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Mayo Clinic Alumni Association – Know Your Board – Kent Richter

Provides leadership | Makes policy decisions | Decides strategic direction and vision

Kent Richter (MED ’21)

Mayo Clinic Alix School of Medicine student representative

Medical school: Mayo Clinic Alix School of Medicine, Scottsdale, Arizona

Undergraduate: Brigham Young University, Provo, Utah

Native of: Houston, Texas

 

Why medicine

When I was 10 years old, my then 13-year-old sister, Ann Marie, passed away from a ruptured cerebral aneurysm without warning. I was devastated. It was an event that changed my life and led to health becoming very important to me. I didn’t decide to pursue medicine until after I’d lived in Africa from ages 19 to 21. I was in Angola and witnessed stark physical suffering. That experience, combined with my sister’s death, made me want to help alleviate suffering.

I considered various specialties but always had a strong interest in neurosurgery and plan to pursue it for my career. Early on in medical school, I had the opportunity to perform research with the chair of the Department of Neurosurgery at Mayo Clinic in Arizona, Bernard Bendok, M.D. (NS ’15). He has been a great inspiration to me.

Why Mayo Clinic

My family is from Texas, so for family and financial reasons, it would have made sense to stay in Texas. When I interviewed at Mayo Clinic in Arizona, I had a great feeling. I loved it — the reputation, the patient care, the faculty. My wife and I deviated from our plan, but it’s been the absolute best decision.

I’m grateful to be at Mayo Clinic. It’s ideal — a great education at a world-class facility and rigorous curriculum that prepares you for whatever subspecialty you choose. It’s also family-friendly, with selective weeks between academic blocks. You can tailor your career from an early point in your training.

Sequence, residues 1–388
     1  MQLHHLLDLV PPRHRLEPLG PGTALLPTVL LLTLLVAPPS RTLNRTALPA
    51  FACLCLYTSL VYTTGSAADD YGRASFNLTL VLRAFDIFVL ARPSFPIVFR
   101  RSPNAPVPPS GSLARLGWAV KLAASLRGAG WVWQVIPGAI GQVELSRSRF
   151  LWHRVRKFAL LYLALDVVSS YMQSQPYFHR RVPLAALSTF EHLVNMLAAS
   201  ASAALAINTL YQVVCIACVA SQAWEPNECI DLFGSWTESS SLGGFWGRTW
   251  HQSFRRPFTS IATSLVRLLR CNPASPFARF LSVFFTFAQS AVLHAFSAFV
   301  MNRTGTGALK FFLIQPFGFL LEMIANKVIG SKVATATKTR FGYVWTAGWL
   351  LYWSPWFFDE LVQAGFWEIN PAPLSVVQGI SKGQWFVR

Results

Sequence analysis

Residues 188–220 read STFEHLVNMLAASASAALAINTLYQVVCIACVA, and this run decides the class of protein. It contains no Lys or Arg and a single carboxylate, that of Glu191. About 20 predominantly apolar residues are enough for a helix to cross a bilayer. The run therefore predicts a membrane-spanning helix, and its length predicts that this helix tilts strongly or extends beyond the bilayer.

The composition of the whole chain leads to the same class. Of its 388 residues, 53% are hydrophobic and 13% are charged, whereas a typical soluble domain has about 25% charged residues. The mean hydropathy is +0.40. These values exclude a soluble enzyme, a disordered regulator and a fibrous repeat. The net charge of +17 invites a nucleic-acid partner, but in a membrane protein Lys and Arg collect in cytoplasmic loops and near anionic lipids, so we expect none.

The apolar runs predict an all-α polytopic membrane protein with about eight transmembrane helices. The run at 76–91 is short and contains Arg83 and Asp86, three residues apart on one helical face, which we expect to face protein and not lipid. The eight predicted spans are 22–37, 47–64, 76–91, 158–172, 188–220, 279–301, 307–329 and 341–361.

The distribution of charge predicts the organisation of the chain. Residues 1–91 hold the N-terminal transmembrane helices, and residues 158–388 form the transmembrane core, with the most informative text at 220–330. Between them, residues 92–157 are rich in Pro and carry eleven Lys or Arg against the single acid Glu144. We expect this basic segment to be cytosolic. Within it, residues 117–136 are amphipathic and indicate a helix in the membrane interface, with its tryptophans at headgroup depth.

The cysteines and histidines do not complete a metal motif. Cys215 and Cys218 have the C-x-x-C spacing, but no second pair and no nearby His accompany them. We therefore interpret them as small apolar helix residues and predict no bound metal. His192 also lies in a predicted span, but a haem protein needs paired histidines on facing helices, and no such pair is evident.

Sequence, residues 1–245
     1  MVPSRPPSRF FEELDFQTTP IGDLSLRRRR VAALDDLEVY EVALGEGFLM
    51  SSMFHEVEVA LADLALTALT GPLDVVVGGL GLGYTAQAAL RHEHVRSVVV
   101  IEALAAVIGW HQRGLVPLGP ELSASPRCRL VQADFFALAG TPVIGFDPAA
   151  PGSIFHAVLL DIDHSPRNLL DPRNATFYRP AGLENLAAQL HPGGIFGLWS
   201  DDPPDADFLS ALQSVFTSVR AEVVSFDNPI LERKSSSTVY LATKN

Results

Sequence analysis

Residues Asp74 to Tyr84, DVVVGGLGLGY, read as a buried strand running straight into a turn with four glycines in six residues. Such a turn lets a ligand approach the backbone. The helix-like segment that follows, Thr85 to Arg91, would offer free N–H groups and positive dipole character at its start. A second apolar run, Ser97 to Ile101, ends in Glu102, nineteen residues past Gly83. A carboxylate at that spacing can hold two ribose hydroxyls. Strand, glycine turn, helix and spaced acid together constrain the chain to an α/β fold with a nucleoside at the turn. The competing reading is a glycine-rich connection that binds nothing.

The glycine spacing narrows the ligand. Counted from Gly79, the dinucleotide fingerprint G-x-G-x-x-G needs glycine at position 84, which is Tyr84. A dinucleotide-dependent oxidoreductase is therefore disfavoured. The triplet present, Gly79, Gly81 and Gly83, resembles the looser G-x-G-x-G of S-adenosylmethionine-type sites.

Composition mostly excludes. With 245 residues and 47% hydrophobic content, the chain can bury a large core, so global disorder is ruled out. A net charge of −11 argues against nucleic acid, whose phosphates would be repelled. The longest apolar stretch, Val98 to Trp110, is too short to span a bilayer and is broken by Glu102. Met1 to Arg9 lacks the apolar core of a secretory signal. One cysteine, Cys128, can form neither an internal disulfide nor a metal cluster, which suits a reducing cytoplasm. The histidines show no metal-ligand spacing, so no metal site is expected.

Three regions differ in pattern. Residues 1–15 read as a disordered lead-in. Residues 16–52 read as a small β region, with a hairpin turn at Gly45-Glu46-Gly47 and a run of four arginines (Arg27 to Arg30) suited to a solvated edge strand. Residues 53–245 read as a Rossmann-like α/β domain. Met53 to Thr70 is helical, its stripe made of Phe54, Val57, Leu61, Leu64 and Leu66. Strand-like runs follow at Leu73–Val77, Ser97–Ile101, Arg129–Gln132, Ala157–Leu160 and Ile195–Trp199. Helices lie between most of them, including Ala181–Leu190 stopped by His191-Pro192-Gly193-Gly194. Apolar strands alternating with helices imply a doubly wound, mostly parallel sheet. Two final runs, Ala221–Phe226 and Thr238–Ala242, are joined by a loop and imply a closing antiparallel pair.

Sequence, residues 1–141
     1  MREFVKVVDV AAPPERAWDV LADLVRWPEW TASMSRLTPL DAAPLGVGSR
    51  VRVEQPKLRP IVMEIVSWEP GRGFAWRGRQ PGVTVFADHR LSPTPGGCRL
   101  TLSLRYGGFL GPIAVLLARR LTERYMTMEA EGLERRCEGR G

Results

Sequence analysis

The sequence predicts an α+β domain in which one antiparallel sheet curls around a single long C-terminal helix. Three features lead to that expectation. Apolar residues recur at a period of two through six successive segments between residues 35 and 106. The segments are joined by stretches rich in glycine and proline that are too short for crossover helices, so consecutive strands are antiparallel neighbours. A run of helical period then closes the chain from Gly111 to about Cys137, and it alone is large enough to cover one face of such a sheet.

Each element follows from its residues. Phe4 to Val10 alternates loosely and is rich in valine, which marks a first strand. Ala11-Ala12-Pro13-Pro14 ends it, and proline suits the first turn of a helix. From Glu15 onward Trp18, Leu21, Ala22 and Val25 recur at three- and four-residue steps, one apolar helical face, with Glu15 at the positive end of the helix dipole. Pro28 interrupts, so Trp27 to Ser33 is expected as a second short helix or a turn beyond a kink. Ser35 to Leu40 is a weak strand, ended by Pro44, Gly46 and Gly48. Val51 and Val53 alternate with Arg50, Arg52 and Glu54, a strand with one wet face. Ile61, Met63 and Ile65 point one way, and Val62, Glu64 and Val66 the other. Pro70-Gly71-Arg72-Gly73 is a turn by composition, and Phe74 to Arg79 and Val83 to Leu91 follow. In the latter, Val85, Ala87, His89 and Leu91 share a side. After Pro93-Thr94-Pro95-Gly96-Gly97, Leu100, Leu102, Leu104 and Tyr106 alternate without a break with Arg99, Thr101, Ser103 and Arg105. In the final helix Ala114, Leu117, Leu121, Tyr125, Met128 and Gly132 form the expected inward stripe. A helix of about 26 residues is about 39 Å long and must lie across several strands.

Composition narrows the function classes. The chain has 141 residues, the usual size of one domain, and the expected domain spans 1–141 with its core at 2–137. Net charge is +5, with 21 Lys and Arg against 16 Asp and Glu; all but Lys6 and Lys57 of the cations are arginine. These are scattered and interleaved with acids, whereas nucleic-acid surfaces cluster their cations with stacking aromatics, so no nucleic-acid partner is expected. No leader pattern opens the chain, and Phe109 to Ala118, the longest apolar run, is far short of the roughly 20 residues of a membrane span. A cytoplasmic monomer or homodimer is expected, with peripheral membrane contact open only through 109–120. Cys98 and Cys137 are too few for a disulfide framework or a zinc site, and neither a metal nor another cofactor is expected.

Your work

Sub-internships have been canceled due to COVID, so I’ve gone back and forth between Mayo Clinic in Arizona and Rochester, doing month-long neurosurgery rotations — working with residents in the OR and learning the nuts and bolts of being a neurosurgeon. I’ve been extremely fortunate in this regard and have absolutely loved it. I’ve worked on research projects with Dr. Bendok and some residents at Mayo Clinic in Rochester, and initiated my own research related to high-value care in neurosurgery — health care reform and policy related to Medicare and methods of reimbursement.

I’d love to continue training at Mayo Clinic. I aim to become an academic neurosurgeon who contributes to healing patients, helping communities and adding to the overall body of knowledge. My sister died from something seemingly unexplainable, with no family history or predisposition. I’d like to help elucidate some of the unsolved mysteries of neurosurgery like that.

I spent two months with neurosurgeons at Mayo Clinic in Rochester and two months with neurosurgeons at Mayo Clinic in Arizona — world-class physicians who are at the top of their subspecialty. I saw them operate, interact with patients, and discuss difficult cases during conferences. It was an incredible privilege. I can’t imagine what it would be like to train in that atmosphere for seven years.

Alumni Association

As the medical student representative on the Alumni Association Board of Directors, my role is to help connect students with alumni. I hadn’t previously realized how integral the Alumni Association is to Mayo Clinic overall and how it connects trainees all over the world.

Off duty

My wife and I have three daughters, ages 5, 3 and 5 months, so our house is very busy. My wife is very supportive; she’s the reason I’m able to pursue this career. When I get home, we have dinner together and put the kids to bed. On days off, we like to go on walks, hikes and bike rides.

Fun facts

I love music and play piano, guitar, and violin. I love both to listen and compose. I’ve recorded a few songs in the past.

I also speak Portuguese. I lived in Angola, Africa, for a couple of years, and the native language there is Portuguese. Like learning any new language, it was very difficult. Learning Portuguese prepared me for being comfortable with treading in unfamiliar water with lots of unfamiliar words; it’s been huge in helping me to learn the language of medicine.

 

 

 

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